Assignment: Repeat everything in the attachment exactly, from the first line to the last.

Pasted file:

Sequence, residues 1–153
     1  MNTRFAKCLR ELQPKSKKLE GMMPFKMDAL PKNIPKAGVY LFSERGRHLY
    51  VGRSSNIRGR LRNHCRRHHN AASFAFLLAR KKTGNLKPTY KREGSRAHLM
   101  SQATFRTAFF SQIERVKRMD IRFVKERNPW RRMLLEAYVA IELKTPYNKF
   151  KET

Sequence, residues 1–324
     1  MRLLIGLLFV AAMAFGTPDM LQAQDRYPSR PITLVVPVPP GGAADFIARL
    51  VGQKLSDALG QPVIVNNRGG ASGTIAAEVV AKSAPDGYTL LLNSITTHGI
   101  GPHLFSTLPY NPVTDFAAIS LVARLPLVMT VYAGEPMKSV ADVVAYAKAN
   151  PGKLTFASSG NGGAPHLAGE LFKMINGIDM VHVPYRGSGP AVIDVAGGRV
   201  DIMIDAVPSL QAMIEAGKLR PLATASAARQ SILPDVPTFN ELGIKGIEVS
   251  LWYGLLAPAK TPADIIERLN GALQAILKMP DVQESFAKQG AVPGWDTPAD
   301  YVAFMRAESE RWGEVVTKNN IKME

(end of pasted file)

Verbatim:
Sequence, residues 1–153
     1  MNTRFAKCLR ELQPKSKKLE GMMPFKMDAL PKNIPKAGVY LFSERGRHLY
    51  VGRSSNIRGR LRNHCRRHHN AASFAFLLAR KKTGNLKPTY KREGSRAHLM
   101  SQATFRTAFF SQIERVKRMD IRFVKERNPW RRMLLEAYVA IELKTPYNKF
   151  KET

Sequence, residues 1–324
     1  MRLLIGLLFV AAMAFGTPDM LQAQDRYPSR PITLVVPVPP GGAADFIARL
    51  VGQKLSDALG QPVIVNNRGG ASGTIAAEVV AKSAPDGYTL LLNSITTHGI
   101  GPHLFSTLPY NPVTDFAAIS LVARLPLVMT VYAGEPMKSV ADVVAYAKAN
   151  PGKLTFASSG NGGAPHLAGE LFKMINGIDM VHVPYRGSGP AVIDVAGGRV
   201  DIMIDAVPSL QAMIEAGKLR PLATASAARQ SILPDVPTFN ELGIKGIEVS
   251  LWYGLLAPAK TPADIIERLN GALQAILKMP DVQESFAKQG AVPGWDTPAD
   301  YVAFMRAESE RWGEVVTKNN IKME